Most people familiar with Federalist #78 don’t realize that the entire letter is specifically written as a point-by-point counterargument responding to Brutus’ 8th and 11th essays, and that Brutus’ 8th through 15th essays and Federalist 78-81 make up a back-and-forth dialogue.

When they are read in that proper context, so much of what you likely think Federalist #78 meant changes drastically. I would go as far as to say that you can’t truly understand Federalist #78 unless you are aware of and familiar with the essays by Brutus that precede Hamilton’s essay.

With that in mind, we are going to examine the essays by Brutus and replies by Publius. This makes up the original “first word” on the meaning and scope of Judicial Review under Article III, Section 2, Clause 1. This is an important part of the great debate over the Constitution during that crucial period of ratification between September of 1787 to August 1788 – as discussed by both advocates and opponents.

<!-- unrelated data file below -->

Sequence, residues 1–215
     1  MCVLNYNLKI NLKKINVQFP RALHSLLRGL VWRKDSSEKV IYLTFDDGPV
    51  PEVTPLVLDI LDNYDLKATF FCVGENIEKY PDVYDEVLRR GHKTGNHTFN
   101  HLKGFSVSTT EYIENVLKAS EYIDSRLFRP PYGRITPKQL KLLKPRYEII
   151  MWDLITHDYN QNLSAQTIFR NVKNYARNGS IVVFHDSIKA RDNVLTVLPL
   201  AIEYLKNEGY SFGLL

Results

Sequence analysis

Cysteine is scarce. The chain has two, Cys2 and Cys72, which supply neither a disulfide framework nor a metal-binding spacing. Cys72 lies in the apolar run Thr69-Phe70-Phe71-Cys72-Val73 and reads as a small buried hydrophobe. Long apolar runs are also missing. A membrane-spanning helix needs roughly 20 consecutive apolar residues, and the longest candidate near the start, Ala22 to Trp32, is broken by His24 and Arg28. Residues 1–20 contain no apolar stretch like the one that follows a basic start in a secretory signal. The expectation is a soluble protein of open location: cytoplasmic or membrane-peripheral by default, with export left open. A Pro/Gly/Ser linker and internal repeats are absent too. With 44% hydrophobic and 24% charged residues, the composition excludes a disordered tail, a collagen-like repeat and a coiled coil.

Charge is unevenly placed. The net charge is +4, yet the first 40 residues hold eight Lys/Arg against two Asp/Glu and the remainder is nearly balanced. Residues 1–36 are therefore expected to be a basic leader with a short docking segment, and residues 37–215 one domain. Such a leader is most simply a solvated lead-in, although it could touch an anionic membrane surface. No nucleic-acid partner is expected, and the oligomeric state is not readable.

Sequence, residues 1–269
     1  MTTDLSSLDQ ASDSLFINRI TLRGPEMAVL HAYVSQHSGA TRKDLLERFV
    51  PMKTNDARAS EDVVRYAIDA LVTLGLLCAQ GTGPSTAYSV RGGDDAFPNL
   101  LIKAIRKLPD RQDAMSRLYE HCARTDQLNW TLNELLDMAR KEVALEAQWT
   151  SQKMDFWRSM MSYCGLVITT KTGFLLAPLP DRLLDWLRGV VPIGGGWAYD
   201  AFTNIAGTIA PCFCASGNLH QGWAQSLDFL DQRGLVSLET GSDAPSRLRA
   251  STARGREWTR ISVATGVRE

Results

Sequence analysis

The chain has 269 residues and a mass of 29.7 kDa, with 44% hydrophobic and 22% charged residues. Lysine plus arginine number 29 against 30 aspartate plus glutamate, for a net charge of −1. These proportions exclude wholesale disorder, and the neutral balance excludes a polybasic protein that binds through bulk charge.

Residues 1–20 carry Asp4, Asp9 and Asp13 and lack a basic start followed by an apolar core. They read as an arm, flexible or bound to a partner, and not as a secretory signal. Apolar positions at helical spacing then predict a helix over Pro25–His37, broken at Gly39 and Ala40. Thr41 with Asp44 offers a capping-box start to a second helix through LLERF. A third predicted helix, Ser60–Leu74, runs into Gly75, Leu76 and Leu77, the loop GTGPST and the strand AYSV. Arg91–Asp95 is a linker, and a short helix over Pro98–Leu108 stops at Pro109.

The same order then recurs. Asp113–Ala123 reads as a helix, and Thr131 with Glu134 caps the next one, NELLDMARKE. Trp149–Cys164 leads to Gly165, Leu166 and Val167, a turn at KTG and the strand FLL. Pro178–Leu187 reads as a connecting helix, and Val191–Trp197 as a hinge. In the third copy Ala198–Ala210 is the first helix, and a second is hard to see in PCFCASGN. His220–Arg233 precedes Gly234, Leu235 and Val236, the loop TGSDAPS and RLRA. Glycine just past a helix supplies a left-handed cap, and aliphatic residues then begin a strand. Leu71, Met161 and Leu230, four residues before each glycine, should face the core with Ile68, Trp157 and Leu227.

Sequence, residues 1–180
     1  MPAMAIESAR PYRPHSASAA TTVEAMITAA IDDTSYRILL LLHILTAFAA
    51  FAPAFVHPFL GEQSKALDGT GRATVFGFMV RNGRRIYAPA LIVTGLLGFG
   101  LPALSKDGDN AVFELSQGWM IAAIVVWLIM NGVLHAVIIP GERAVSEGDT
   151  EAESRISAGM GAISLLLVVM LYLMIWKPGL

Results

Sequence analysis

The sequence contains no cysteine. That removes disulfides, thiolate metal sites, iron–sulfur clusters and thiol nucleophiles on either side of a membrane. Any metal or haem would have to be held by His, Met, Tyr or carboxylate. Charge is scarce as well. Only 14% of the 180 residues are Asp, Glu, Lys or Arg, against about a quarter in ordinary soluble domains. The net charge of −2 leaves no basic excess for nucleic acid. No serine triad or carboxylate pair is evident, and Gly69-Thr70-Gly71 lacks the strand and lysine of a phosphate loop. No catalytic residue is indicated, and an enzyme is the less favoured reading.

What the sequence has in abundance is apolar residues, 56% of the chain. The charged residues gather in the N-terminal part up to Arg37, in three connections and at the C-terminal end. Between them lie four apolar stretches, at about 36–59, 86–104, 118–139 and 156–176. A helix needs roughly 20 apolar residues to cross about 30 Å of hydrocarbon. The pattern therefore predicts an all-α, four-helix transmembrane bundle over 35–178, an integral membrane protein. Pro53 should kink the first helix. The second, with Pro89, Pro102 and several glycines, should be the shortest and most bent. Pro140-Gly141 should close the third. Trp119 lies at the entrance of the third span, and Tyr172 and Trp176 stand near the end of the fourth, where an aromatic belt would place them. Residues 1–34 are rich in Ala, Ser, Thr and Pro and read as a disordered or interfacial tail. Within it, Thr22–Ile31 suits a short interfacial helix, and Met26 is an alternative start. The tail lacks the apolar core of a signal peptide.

It is noteworthy that whenever Marbury v. Madison is discussed in works on constitutional jurisprudence and American history, reference is invariably made to Alexander Hamilton’s discussion of judicial review in Federalist # 78 as an early indication that the principle was regarded as a fundamental part of the system of government set up under the Constitution. Surprisingly, these works, almost without exception, fail to refer to the Antifederalist Letters of Brutus to which this number of the Federalist Papers constitutes a response. This is a regrettable omission since it excludes half of the relevant information for a comprehensive understanding of these issues. Moreover, Brutus’ views on judicial supremacy constitute a novel thesis that, to date, has not been sufficiently appreciated in the literature.